Screen Shot 2015-07-20 at 11.28.55Last week I gave a presentation to a group of PhD students about how and why I use social media and what benefit it has to me as a phd researcher. I’m certainly no expert but I was able to talk through some of the reasons I use various mainstream social media and what benefit I think I get in relation to my research. I have uploaded the slides to slideshare so anyone can view them – Social media for PhD researchers – but I will go through some of the key points below as the slides on their own don’t really tell the whole story. I wasn’t the most enthusiastic student of social media when I first started out, it was a necessity of my job at the time, and I reluctantly engaged! But I soon became a convert when I realised the potential and the opportunities social media provides for engaging with a much wider audience than is possible face to face in one locality. In the last couple of years I have set up my own blog, developed my twitter account and signed up to ResearchGate, all of which I find really useful for keeping up to date with what is going on, engaging with others and for sharing information.

But where do you start? There is a world of social media out there that is ever changing and highly confusing if entering it for the first time. So first of all you need to think about why you want to use it and what social media can do for you. I engage with aspects of social media for four main reasons, all potentially important for new academics:

  • visibility – to get noticed, build reputation, and to network;
  • share information – it can be a great broadcasting platform, for research and ideas;
  • engagement – to join in and start conversations, participate in debate with others;
  • information gathering – it’s a personal newsfeed, a great way of focusing news information on what I need to know.

On Twitter you can connect with people with similar interests and with organisations and institutions who produce information relevant to your research. For me that’s think tanks, housing groups and organisations, research institutions, academics from across the globe, government departments and politicians. It’s a great way of collecting information and engaging with others who talk about the same stuff I do! It’s also a great way to raise your own profile in particular areas of interest and expertise, and to get yourself noticed.

Alongside Twitter I set up my own blog site, using WordPress. It was easier than I ever imagined it could be and whilst my site isn’t perfect I have gradually improved it as I have become more confident making changes and adding ‘widgets’. My blog is a space to talk about issues that I’m interested in, to  raise issues and ideas, to share my own reflections on reports and events and it’s a place to talk about my research. It is a great way of engaging with others and getting feedback on ideas or issues and it’s pretty effective sometimes at raising profile and making me (my thoughts, research and ideas) more visible. As a result of writing blogs and promoting them through Twitter I have had the opportunity to appear on TV and radio shows/debates, to write articles for local news sites/magazines and written comment pieces for the professional press.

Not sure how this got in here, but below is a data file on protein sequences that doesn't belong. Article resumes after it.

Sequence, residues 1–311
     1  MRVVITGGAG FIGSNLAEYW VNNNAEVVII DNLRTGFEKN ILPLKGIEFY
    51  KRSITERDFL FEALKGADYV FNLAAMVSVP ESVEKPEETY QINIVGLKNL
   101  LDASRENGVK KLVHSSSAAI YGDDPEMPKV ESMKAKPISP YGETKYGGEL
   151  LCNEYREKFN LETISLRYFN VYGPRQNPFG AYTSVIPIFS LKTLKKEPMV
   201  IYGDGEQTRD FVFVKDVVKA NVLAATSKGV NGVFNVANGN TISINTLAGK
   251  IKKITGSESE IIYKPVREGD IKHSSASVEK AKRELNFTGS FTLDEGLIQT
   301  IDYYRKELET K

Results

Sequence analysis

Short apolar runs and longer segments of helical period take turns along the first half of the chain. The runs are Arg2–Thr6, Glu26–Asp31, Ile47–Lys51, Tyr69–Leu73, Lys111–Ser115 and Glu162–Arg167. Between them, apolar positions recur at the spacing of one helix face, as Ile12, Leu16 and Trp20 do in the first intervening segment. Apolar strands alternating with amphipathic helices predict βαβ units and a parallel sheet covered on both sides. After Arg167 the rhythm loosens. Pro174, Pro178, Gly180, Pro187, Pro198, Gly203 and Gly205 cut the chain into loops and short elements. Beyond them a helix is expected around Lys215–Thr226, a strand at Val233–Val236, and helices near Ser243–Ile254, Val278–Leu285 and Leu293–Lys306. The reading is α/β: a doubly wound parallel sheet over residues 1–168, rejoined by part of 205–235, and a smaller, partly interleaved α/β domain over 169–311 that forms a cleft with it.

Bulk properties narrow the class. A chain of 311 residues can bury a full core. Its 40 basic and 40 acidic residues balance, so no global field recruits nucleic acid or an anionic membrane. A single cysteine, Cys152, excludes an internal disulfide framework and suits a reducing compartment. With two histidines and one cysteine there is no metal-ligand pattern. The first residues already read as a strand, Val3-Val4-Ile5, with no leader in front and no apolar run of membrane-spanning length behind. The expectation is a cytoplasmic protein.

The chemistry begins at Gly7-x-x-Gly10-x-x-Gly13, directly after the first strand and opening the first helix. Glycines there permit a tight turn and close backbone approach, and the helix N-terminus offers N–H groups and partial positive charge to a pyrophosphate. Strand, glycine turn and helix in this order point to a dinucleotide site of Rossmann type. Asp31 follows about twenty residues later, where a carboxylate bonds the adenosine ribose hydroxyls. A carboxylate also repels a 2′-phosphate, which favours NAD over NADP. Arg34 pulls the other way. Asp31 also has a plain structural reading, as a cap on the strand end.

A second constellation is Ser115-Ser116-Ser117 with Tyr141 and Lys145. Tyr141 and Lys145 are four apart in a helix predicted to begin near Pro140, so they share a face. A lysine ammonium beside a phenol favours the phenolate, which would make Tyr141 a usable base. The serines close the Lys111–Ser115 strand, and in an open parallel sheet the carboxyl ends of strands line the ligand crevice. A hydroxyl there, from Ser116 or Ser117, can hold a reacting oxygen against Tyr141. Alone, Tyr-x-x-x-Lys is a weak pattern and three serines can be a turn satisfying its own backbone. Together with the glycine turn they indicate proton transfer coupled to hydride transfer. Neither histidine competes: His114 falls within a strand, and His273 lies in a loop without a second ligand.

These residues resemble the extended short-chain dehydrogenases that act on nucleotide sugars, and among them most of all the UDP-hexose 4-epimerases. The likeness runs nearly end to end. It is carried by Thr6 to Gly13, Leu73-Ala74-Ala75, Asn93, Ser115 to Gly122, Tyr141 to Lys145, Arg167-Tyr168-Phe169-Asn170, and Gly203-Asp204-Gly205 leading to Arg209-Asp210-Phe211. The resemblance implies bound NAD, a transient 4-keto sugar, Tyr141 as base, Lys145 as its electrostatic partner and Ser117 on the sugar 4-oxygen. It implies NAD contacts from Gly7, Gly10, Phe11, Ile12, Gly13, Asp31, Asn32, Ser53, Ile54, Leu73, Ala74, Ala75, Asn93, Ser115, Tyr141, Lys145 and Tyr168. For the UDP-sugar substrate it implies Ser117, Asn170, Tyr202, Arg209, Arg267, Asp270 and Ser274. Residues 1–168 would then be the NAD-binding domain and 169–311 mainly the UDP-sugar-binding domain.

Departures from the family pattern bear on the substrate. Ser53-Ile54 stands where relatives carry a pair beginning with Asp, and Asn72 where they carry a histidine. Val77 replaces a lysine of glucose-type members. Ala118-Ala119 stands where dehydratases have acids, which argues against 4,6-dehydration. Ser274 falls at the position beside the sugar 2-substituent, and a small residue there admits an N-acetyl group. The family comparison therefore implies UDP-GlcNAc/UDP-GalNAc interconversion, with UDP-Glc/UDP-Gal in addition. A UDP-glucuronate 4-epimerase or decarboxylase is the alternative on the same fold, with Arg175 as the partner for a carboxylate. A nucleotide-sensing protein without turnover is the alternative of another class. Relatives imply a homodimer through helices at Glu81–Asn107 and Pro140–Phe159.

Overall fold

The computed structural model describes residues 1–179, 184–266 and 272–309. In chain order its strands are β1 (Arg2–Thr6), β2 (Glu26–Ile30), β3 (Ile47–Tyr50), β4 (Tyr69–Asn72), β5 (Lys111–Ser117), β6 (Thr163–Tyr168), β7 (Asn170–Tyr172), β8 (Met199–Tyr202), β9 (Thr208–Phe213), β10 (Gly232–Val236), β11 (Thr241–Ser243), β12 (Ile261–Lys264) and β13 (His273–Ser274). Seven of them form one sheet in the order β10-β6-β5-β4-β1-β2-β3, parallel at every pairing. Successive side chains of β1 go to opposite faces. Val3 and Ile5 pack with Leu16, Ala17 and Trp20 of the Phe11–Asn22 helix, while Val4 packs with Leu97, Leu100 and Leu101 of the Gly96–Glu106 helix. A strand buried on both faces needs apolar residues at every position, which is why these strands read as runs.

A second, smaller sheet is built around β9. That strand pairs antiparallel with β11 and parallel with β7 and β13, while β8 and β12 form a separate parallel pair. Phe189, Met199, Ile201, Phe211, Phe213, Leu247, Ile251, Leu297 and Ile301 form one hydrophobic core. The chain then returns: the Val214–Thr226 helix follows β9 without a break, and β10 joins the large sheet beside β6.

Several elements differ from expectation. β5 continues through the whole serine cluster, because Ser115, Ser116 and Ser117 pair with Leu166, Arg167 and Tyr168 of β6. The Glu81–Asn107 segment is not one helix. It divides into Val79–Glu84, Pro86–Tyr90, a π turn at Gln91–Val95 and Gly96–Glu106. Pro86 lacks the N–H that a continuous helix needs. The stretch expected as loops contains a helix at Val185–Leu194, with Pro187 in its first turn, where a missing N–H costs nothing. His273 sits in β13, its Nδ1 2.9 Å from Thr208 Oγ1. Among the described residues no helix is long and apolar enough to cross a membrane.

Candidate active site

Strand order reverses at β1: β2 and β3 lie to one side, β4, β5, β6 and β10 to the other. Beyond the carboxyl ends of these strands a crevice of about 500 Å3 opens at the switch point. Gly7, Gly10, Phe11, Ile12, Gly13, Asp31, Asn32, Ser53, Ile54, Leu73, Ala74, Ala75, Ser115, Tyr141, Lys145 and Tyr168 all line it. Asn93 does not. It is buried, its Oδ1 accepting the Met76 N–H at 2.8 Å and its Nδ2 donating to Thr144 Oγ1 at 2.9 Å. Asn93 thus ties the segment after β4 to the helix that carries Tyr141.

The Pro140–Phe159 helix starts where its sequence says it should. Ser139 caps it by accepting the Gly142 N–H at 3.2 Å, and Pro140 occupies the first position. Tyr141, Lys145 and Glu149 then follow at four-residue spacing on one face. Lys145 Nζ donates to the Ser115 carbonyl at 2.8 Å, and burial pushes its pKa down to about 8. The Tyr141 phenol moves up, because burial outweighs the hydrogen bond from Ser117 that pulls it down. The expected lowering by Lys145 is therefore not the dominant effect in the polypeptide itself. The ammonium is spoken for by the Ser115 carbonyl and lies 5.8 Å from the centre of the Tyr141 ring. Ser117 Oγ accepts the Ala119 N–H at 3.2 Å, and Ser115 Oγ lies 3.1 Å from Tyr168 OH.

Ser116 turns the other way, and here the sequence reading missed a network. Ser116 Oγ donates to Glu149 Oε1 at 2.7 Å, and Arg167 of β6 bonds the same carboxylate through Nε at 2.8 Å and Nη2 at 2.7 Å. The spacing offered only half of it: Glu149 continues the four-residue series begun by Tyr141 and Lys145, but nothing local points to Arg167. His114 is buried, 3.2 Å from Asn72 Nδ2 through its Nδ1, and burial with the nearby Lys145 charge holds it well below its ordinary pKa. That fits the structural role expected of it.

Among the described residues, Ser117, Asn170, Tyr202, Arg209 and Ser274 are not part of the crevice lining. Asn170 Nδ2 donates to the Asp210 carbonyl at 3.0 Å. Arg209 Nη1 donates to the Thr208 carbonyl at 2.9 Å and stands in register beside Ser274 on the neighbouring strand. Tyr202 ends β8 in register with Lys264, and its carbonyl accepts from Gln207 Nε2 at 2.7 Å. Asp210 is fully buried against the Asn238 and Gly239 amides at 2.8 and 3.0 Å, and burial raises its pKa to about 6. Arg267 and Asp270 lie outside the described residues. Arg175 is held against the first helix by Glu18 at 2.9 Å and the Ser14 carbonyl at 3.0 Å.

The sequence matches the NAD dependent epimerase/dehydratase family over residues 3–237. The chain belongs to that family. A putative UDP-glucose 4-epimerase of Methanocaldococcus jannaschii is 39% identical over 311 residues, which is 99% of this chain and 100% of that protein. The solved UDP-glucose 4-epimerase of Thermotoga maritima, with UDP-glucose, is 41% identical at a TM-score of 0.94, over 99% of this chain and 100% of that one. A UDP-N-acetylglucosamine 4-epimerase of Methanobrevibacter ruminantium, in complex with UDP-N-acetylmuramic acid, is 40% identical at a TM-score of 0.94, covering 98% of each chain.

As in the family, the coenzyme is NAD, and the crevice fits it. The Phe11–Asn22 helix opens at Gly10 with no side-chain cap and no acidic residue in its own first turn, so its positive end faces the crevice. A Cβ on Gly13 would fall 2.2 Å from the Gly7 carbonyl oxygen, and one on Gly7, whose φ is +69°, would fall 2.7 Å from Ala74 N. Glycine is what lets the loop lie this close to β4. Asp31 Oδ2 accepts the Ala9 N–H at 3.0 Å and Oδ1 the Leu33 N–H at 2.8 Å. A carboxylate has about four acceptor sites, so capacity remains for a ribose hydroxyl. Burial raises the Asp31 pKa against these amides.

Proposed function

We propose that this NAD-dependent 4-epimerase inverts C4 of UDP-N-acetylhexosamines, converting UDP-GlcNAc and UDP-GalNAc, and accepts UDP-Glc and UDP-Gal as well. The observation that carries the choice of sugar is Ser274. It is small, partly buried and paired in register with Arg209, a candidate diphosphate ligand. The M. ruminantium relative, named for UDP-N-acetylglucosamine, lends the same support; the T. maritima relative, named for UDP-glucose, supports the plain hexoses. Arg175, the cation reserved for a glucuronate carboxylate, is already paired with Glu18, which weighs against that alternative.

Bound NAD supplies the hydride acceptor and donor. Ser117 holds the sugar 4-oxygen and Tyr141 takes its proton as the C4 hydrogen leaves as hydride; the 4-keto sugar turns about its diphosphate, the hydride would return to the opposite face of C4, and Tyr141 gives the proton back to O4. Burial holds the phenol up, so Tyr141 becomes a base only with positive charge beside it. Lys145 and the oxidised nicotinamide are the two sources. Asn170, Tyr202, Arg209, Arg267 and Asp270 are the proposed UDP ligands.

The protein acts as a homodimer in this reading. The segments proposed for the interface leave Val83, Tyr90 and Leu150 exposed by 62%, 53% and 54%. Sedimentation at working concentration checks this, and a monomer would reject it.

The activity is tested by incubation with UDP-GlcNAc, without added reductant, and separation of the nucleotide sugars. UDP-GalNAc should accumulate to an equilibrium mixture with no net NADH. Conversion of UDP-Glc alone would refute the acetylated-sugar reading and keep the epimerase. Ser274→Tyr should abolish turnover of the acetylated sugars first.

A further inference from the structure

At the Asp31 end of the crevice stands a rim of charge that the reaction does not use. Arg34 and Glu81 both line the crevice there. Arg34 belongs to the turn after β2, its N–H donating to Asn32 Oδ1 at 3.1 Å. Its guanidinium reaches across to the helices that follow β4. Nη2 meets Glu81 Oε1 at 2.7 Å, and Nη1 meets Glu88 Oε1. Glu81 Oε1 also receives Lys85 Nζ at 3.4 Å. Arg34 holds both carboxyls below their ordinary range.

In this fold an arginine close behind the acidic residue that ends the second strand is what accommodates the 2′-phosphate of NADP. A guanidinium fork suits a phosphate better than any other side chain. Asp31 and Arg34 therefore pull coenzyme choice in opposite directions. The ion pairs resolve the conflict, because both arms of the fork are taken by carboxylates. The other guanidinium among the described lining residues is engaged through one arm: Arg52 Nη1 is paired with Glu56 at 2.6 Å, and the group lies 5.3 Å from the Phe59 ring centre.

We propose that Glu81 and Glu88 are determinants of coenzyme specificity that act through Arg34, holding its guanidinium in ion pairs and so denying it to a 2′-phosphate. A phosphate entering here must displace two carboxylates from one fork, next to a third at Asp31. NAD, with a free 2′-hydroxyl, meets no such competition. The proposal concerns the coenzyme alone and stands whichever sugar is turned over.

It does of course take time and commitment. There seems to be little point in signing up to different elements of social media if you’re not going to use them, and if you’re not going to commit to spending some time engaging. This is a common concern amongst those who consider using social media and then don’t, because it will take up too much time! Well yes it can, but you have to think about what you are getting back from that time. For me it is definitely worth it, to have engaged with other PhD students, academics, think tanks and politicians, received feedback and comments, to share thoughts with others I might not meet, is all worth the time spent doing it. It also a very effective way for me to collect information and keep up to date. But I can see why people might be concerned. The simple answer is it takes up as much time as you let it, you’re in control of how much or how little time you spend engaging with social media, no one else!!

There are some things I wish I had thought about a little more before I started out using social media, that might have helped to focus me and to identify what would work best. For instance, thinking more about why I wanted to use social media and the audience I was trying to engage with, would have helped me to better identify the best tools. Instead my approach was a bit ad hoc, I carried on using the same ones I had used at work, only to find they might not be the best for what I am now doing. I joined new platforms, like ResearchGate, to engage with an academic audience and I changed the content I used and the platforms I used it on. I am still learning through trial and error what content works best on what platforms. I have spent some time thinking about what I want my public profile to look like and I change it occasionally, keeping some consistency across different platforms. I’ve also thought a bit about what success looks like and how I might ‘evaluate’ if social media is working for me.

I’d encourage PhD students to give it a go, but think about what, why and how first, then just get started and see how it works for you!